How LAN Switches Work

Document ID: 10607 This document contains Flash animation
Introduction Prerequisites Requirements Components Used Conventions Switches and Networks The Addition of Switches Switch Technologies Transparent Bridging Flash Animation: How Transparent Bridging Works Redundancy and Broadcast Storms Spanning Tree Routers and Layer 3 Switching VLANs Related Information

Introduction
This document covers the general concept of how LAN switches work and the most common features that are available on a LAN switch. The document also covers the differences between bridging, switching, and routing. This document does not cover any of the Cisco Catalyst LAN switch products or configuration features on Cisco Catalyst switches. For Catalyst switch configuration information and Cisco switch product information, refer to: • LAN Product Support Pages • LAN Switch − Cisco LAN Switch Product Information

Prerequisites
Requirements
There are no specific requirements for this document.

Components Used
This document is not restricted to specific software and hardware versions.

Conventions
Refer to Cisco Technical Tips Conventions for more information on document conventions.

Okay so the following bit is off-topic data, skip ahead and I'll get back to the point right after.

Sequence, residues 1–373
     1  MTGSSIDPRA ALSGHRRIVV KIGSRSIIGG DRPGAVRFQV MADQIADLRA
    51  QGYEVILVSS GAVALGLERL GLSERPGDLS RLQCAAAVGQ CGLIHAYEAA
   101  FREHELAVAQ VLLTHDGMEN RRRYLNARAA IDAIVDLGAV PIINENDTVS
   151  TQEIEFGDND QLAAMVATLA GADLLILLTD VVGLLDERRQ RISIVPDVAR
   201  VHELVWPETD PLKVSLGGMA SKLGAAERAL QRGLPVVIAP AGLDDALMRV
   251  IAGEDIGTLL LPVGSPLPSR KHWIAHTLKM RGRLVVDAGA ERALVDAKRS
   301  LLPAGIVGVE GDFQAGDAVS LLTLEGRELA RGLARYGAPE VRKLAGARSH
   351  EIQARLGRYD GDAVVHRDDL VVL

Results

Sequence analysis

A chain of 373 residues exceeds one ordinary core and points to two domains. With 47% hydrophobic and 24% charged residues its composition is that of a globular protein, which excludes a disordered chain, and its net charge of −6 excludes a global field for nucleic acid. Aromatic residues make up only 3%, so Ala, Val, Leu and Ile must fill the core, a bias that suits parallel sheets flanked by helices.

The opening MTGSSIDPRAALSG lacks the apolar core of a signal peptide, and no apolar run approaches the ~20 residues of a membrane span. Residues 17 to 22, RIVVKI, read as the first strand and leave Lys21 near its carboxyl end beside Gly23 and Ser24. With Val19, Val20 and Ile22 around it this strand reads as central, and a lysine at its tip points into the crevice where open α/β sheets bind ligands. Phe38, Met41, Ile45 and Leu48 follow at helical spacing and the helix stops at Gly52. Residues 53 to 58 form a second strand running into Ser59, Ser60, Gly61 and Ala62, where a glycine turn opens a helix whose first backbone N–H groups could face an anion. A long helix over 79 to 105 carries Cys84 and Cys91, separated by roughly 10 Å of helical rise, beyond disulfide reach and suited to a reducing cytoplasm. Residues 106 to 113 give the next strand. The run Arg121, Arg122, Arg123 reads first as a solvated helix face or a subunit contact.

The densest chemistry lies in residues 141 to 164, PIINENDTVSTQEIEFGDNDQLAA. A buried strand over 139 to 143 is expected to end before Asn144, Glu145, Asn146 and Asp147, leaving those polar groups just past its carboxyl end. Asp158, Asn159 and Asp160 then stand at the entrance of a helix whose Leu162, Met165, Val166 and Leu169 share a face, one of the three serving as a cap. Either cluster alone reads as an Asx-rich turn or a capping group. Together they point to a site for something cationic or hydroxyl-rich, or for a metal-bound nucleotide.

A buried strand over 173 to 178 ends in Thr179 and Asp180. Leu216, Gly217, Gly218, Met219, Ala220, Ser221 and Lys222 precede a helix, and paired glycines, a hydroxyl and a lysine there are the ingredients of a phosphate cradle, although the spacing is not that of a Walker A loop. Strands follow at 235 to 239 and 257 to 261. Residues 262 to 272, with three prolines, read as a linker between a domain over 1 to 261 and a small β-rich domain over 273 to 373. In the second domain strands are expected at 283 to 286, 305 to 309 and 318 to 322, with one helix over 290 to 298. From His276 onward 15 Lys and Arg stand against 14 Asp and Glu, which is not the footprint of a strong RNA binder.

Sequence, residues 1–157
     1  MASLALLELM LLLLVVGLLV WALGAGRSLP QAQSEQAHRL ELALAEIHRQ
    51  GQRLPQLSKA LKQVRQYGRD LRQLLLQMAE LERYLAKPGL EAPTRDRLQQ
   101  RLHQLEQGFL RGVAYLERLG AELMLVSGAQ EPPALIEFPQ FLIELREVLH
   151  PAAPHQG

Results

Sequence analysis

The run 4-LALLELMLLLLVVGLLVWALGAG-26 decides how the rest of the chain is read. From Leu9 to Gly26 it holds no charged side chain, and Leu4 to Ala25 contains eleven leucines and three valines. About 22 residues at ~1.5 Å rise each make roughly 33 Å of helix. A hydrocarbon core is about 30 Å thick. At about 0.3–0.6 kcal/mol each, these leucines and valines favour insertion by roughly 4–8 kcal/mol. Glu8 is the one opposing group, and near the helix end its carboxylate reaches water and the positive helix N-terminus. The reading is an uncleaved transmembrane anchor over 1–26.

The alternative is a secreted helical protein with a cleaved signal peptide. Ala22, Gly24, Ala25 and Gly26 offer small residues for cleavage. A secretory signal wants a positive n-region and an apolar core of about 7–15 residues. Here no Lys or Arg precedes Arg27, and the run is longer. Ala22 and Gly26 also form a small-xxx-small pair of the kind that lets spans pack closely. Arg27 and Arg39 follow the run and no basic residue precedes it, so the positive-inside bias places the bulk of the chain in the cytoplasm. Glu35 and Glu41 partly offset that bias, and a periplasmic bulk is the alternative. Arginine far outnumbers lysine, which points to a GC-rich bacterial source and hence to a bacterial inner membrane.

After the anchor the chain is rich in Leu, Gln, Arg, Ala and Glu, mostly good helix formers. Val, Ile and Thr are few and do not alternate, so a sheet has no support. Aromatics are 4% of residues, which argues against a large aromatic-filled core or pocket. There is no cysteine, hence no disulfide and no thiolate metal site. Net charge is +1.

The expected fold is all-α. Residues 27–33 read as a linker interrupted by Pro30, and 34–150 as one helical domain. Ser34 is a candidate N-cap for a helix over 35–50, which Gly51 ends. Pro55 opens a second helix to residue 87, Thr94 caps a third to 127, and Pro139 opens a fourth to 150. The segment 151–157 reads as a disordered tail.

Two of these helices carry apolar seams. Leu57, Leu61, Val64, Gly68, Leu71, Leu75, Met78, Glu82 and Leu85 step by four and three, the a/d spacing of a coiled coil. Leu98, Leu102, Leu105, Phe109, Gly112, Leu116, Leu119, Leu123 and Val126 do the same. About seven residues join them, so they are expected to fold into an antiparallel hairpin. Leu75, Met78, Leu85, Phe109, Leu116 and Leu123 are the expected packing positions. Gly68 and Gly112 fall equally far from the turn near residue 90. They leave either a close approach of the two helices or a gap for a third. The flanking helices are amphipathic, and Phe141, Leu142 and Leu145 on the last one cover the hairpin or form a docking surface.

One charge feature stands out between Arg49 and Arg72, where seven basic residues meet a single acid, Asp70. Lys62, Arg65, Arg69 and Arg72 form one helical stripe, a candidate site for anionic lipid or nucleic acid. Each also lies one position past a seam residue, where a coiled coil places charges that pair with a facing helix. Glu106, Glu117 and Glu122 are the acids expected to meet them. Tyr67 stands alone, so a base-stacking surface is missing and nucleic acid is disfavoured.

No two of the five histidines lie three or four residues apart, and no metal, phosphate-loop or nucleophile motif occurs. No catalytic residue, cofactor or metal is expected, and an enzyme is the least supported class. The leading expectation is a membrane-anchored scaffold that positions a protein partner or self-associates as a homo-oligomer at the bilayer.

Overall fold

Essentially. and spanning trees. The Addition of Switches In the most basic type of network of today. The latency can increase significantly as you add more nodes. The other computer can be on the other side of the world! Switches are a fundamental part of most networks. Switches allow the nodes to communicate in a smooth and efficient manner. There are many different types of switches and networks. • LatencyLatency is the amount of time that a packet takes to get to the destination. Just like routers allow different networks to communicate with each other. such as routers or hubs In the case of the Internet. • Network FailureIn a typical network.Switches and Networks A typical network consists of: • nodes. Switches that provide a separate connection for each node in a company internal network have the name LAN switches. You try to access a server or the Internet. . either wired or wireless • special network equipment. As a network grows. The document also explains VLANs. You can configure switches to limit broadcast levels. You have probably experienced this problem before at work. This document focuses on Ethernet networks that use LAN switches. Quite often. Significant growth is difficult to accommodate without a sacrifice in performance. Each node in a hub−based network has to wait for an opportunity to transmit in order to avoid collisions. and suddenly everything slows down to a crawl. there are some potential problems with this configuration: • ScalabilityIn a hub network. Users can send the information at the same time and do not slow each other down. there is a limit to the amount of bandwidth that users can share. typically a computer. one device on a hub can cause problems for other devices that attach to the hub. trunking. a LAN switch creates a series of instant networks that contain only the two devices that communicate with each other at that particular moment. Incorrect speed settings or excessive broadcasts cause the problems. Switches enable several users to send information over a network. Or. or computers • a medium for connection. all the other nodes must wait for an opportunity to send packets. switches allow different nodes of a network to communicate directly with each other. The document describes what a LAN switch is and how transparent bridging works. An example of an incorrect speed setting is 100 Mbps on a 10 Mbps hub. Illustration of a Cisco Catalyst switch. the entire network must undergo a periodic redesign to accommodate growth. A node is a network connection point. if a user transmits a large file across the network. nodes simply connect together with the use of hubs. Applications today need more bandwidth than ever before. these pieces work together to allow your computer to send information to another computer.